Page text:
More virtual course offerings create opportunities for juniors and seniors
With more technology resources in the hands of Jefferson County Public Schools (JCPS) families than ever before, JCPS is encouraging students to take advantage of dual-credit opportunities and earn college credit while completing their high school coursework.
“If the pandemic has taught us anything, it’s that we can use technology to break down barriers and be truly innovative about how we provide learning experiences to our students,” said JCPS Superintendent Dr. Marty Pollio. “After a year and a half of working to ensure broad access to technology and connectivity, our students are in a better position than ever to take full advantage of these opportunities.”
Those prospects include opportunities for dual credit—credit that goes toward a student’s high school requirements while also earning them college credit. Under a partnership with Jefferson Community and Technical College (JCTC), JCPS students can earn up to six hours of college credit through dual-credit programs at no cost to them.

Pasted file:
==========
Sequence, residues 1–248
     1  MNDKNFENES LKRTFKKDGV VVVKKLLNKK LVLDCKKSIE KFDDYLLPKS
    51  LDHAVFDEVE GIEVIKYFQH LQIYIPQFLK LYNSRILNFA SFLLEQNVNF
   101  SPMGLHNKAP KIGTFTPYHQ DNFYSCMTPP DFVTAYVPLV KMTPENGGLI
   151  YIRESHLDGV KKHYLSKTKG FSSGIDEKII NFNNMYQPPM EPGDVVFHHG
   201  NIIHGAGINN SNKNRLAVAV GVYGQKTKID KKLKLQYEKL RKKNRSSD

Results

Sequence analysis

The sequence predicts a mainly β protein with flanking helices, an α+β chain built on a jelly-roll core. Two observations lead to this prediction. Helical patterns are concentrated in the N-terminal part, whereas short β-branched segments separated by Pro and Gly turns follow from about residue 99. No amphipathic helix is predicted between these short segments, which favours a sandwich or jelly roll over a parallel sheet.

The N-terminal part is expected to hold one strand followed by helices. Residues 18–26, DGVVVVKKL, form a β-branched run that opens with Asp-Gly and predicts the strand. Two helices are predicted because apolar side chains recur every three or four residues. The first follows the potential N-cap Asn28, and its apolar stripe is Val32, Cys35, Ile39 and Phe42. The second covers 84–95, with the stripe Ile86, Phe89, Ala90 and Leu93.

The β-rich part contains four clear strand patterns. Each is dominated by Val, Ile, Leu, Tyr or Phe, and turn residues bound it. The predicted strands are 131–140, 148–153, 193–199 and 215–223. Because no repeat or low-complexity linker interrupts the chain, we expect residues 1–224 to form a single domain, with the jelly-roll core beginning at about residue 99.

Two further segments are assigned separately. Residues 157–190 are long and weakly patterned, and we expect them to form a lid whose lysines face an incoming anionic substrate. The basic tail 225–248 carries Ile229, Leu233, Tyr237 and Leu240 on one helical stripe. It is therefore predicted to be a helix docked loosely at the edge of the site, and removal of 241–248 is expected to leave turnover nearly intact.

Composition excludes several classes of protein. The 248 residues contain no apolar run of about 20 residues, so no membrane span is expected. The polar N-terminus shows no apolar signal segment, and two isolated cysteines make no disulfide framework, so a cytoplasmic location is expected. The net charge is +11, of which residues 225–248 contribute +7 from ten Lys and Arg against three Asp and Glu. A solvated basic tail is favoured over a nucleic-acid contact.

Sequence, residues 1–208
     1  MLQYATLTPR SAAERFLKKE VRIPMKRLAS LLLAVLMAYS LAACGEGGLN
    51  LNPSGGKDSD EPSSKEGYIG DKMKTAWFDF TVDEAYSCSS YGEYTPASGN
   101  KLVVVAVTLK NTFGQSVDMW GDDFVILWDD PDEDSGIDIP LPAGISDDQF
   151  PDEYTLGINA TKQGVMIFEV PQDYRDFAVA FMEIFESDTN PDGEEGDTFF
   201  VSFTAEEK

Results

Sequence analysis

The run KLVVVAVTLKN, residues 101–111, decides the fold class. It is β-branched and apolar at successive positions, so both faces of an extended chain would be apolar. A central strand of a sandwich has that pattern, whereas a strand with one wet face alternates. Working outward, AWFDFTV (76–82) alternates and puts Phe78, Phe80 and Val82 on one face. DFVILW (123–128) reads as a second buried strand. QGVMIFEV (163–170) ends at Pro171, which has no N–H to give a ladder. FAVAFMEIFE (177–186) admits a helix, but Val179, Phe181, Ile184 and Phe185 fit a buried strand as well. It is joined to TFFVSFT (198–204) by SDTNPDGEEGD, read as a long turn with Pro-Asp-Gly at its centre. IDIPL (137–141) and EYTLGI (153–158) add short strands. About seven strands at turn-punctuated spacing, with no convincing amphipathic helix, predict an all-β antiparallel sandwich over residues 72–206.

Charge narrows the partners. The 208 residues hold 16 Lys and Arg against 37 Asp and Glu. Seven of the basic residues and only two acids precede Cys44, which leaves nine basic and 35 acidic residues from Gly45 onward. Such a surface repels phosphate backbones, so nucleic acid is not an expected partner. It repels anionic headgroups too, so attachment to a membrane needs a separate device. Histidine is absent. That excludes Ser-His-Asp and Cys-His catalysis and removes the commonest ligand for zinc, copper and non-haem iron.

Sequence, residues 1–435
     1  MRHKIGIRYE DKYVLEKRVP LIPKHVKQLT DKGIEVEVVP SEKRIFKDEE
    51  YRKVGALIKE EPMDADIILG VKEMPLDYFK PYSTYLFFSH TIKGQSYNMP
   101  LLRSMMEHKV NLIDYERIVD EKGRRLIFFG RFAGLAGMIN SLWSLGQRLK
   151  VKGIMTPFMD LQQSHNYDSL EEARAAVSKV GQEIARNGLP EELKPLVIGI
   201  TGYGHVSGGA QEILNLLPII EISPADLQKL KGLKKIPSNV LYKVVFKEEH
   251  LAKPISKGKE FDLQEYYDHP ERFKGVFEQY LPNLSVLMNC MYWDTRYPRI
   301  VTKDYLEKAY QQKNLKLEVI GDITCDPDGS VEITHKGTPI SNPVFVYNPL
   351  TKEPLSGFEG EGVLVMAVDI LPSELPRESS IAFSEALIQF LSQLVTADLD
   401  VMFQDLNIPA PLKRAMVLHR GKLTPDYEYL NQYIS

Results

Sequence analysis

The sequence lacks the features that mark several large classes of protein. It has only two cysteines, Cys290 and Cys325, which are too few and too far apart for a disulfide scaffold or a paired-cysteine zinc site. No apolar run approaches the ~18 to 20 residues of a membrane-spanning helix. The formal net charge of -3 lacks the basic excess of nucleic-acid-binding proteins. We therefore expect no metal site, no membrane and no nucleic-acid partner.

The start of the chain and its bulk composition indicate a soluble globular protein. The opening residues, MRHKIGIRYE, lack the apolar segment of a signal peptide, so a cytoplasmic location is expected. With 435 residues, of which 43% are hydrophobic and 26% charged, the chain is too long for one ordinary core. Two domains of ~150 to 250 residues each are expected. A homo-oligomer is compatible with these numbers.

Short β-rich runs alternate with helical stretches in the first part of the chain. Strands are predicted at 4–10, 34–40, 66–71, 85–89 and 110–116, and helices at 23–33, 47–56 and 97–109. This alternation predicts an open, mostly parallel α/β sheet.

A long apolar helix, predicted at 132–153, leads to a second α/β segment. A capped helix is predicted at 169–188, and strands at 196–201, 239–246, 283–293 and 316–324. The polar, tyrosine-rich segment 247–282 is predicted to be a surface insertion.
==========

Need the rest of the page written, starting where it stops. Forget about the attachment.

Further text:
“National data shows that students who participate in dual-credit classes persist and succeed in college at a much higher rate than those students who don’t,” JCTC President Ty Handy said. “Expanding dual-credit opportunities at JCPS will undoubtedly improve student success and college readiness, and we are excited to be a partner in this effort.”
Dr. Pollio encouraged parents and guardians to talk to their children about the opportunity for dual-credit classes. Students who want to sign up for dual-credit programs should contact their school counselor. The deadline for students to make their decision for the fall semester is Aug. 4. Two thousand JCPS juniors and seniors were enrolled in dual credit classes last year.
“This is a really great opportunity for our students to capitalize on what’s available to them in a way that they haven’t had access to in the past,” Dr. Pollio said.
In addition, JCPS high school students will have even more opportunities to take career-related courses that interest them, regardless of what school they attend. Starting this school year, students who want to take Advanced Placement (AP) or Career and Technical Education (CTE) courses that aren’t offered at their high school will be able to take the course virtually at new online virtual hubs set up at each high school. The hubs will house state-of-the-art equipment and technology to support the course experience.
“These new, in-school technology hubs and expanded virtual class options will give high-schoolers even more avenues to broaden their educational experiences,” Pollio said, “no matter where they go to school.”